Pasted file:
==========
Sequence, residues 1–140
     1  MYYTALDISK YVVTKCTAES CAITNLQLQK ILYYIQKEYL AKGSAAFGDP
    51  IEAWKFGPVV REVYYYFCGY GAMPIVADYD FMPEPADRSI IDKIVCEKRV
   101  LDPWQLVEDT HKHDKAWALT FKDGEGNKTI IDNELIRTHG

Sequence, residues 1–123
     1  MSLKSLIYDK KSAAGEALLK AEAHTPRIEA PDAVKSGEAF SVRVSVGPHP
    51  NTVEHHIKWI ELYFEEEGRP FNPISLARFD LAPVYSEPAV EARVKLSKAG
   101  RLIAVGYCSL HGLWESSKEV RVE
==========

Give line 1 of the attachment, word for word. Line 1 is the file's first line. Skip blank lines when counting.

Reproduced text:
Sequence, residues 1–140